A community-based program that offers sleep health intervention with yoga seems to improve sleep for those in low-income communities, according to the American Academy of Sleep Medicine. The findings of a recent study on the effectiveness of sleep and yoga intervention has promising effects on improving sleep disturbance, sleep-related impairment, and sleep health behaviors.
‘A community-based program that offers sleep intervention and yoga has promising effects on improving sleep disturbance, sleep-related impairment, and sleep health behaviors among low-income communities.’Sleep problems are very common in low-income communities yet often under-recognized and untreated, and are often related to sleep health behaviors, stress, and adverse environmental conditions. This study researched how to effectively deliver sleep health education and yoga interventions in underrepresented communities.
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"We were encouraged to see large improvements in self-reported sleep quality and daytime functioning after the sleep hygiene and yoga intervention despite the short intervention period in this pilot study" said Christine Spadola, PhD, a postdoctoral fellow at both Harvard Medical School and Brigham and Women’s Hospital in Boston, Massachusetts. "We found that many of our participants were not initially aware of some of the fundamental behaviors that comprise sleep hygiene, or healthy sleep practices, but were pleased to see their openness to making changes to improve sleep and their enthusiasm for participating in yoga."
By partnering at all levels with community members, the research team was able to develop a sleep health and yoga intervention that offered content relevant to the participants and was convenient for participants to attend. Group sessions were held in community rooms within two large low-income housing units in Boston, providing easy access for residents.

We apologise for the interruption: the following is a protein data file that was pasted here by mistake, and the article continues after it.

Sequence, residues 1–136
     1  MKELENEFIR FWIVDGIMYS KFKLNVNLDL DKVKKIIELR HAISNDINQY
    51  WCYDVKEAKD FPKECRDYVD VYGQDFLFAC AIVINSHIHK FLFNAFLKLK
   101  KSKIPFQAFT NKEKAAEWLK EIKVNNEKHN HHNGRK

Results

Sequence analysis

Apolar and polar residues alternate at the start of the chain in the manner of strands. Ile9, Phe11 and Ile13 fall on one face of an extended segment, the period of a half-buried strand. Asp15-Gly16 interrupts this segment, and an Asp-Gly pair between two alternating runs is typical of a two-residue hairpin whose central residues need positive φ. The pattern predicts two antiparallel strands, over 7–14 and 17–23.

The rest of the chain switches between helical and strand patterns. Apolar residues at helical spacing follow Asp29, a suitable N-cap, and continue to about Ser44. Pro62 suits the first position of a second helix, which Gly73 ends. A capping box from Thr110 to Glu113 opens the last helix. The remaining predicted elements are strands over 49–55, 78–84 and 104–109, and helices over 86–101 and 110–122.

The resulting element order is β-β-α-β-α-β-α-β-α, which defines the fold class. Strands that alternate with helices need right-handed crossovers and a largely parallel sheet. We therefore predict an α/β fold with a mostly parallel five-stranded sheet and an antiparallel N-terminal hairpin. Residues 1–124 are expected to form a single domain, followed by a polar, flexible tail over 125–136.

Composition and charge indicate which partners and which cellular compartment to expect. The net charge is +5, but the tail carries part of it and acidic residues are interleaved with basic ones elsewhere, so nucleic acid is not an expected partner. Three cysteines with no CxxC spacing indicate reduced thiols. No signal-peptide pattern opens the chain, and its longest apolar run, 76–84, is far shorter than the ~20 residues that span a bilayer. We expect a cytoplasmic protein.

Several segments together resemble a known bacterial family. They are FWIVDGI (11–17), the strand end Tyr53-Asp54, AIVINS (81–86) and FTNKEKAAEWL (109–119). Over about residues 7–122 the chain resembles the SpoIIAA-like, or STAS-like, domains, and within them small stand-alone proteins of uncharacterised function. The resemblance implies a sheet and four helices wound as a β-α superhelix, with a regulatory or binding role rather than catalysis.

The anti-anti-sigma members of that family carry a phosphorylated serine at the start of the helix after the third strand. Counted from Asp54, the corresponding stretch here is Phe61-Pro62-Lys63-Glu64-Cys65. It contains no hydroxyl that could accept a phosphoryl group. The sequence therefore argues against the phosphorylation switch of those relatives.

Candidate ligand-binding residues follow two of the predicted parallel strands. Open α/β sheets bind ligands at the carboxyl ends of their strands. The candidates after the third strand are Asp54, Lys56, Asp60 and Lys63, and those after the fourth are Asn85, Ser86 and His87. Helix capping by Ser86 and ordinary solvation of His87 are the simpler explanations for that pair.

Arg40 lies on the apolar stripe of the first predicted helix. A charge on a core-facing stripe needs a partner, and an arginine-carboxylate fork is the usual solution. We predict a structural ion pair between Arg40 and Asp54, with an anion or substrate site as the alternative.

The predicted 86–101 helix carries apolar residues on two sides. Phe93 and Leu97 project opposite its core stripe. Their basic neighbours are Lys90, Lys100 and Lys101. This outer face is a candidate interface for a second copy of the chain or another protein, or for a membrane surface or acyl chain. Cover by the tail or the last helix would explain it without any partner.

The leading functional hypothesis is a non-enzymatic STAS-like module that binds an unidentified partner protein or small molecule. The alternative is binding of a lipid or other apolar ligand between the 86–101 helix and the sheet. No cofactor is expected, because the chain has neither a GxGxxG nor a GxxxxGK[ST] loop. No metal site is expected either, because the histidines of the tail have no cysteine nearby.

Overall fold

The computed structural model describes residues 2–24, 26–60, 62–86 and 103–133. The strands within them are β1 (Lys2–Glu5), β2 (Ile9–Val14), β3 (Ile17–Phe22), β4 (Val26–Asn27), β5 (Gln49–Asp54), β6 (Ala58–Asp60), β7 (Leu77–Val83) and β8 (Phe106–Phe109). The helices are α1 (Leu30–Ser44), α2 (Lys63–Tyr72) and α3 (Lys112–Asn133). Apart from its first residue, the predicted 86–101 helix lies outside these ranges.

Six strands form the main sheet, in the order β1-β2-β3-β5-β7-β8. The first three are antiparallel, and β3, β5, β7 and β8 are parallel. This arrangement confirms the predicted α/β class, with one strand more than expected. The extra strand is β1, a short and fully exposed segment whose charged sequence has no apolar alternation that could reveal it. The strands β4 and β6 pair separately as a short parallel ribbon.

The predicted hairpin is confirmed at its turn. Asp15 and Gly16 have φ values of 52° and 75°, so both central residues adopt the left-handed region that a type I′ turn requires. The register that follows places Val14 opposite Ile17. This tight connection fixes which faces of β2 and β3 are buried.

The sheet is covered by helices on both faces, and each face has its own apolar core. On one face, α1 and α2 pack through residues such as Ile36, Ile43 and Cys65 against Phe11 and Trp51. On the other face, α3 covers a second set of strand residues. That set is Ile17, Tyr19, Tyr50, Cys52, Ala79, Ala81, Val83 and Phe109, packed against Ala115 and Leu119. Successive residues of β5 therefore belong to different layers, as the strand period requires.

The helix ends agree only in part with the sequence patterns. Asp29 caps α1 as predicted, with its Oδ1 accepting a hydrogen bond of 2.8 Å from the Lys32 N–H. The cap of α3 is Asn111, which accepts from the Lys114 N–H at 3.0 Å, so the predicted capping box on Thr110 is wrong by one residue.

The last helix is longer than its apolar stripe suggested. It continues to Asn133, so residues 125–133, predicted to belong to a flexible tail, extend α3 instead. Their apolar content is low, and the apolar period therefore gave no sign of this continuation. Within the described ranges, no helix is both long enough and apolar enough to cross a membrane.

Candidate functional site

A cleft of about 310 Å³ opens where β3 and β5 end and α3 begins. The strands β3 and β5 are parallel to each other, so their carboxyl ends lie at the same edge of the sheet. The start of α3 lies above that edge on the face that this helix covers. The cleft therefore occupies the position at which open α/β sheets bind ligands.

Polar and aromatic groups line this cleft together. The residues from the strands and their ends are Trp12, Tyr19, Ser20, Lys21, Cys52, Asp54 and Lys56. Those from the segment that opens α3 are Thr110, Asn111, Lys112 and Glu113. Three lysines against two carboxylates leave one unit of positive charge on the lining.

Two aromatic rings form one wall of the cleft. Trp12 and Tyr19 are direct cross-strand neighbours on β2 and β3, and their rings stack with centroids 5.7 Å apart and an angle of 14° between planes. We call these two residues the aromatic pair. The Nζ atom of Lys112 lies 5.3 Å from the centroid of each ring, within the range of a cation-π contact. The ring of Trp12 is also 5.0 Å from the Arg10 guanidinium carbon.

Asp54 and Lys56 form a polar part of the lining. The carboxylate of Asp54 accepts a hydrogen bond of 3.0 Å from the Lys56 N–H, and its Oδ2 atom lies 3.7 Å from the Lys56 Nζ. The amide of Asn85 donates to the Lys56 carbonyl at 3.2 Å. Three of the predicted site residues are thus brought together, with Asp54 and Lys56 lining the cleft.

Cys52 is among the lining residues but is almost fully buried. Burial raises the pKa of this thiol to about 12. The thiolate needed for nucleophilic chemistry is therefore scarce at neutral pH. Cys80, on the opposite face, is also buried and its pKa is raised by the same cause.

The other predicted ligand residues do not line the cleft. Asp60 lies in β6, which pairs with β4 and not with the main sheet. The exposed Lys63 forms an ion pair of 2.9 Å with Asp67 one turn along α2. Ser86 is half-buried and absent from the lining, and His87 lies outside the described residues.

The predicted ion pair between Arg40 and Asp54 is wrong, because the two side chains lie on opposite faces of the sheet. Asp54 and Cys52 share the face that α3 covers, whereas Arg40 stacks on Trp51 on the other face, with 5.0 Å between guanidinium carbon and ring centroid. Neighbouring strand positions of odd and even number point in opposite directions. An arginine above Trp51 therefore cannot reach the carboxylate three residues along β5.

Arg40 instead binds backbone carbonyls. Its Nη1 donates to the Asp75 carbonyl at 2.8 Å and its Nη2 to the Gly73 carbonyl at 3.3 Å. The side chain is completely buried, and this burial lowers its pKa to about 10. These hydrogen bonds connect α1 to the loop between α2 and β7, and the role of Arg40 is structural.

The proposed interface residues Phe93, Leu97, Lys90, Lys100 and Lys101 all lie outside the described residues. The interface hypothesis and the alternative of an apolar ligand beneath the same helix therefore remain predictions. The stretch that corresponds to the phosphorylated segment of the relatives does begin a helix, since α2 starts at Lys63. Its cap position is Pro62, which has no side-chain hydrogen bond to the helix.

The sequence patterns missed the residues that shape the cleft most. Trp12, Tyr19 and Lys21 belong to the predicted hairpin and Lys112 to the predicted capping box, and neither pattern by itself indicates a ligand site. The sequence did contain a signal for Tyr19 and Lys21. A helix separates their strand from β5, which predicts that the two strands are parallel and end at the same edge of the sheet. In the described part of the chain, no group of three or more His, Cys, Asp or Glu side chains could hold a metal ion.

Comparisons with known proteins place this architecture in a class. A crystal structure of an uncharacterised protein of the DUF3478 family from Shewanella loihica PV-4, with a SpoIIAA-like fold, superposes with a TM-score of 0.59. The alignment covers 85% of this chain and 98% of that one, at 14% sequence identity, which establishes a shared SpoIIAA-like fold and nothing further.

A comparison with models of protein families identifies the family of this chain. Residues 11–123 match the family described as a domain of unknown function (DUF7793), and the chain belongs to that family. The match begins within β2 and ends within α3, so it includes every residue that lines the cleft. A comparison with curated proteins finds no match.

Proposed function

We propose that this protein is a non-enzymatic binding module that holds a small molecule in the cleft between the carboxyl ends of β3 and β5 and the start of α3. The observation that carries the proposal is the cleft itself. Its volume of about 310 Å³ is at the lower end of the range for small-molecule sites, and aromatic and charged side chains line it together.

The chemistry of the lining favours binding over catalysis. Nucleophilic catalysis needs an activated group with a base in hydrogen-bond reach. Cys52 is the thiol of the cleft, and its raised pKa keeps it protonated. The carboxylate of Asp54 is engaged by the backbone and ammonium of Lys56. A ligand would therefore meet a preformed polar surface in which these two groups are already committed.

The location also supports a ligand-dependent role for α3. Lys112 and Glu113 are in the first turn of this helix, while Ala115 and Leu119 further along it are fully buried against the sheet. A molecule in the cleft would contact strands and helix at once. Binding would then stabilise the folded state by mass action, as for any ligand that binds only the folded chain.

"Some participants reported that they were able to deeply relax for the first time as a result of the yoga classes," said Spadola. "Considering that stress underlies poor sleep as well as many chronic health conditions, we were very pleased with this result."
A pilot study was conducted of a combined sleep health and yoga intervention among racially/ethnically diverse adults residing in low-income housing communities, who reported sleeping less than 6 hours a night (n=23). The six-week intervention consisted sequentially of: one group sleep health education session delivered by a sleep expert (1-hour), one telephone coaching session (15 minutes), and four weekly 1-hour yoga classes.
Mean participant age was 41.4 years; 80.7 percent were female; 61.5 percent identified as non-Hispanic Black and less than 20 percent had a college degree. Results showed significant pre/post intervention improvements in sleep duration (5.3 ± 0.9 hours/night versus 7.2 ± 1.7 hours/night [p=.02]), sleep-related impairment (p=.002), sleep disturbance (p=.002), and sleep health behaviors (p=.021).
According to the study authors, this sleep intervention can be brought directly to residential communities of under-served populations and holds promise for high uptake and sustainability.
"Our work suggests that a community informed intervention that addresses socio-contextual barriers to participation and adherence and partners with residential community leaders and institutions can significantly impact health behaviors, such as improved sleep," said Spadola.
The senior authors of the study, Drs. Suzanne Bertisch and Susan Redline, are currently conducting a larger randomized controlled study to test the added value of yoga over sleep hygiene alone.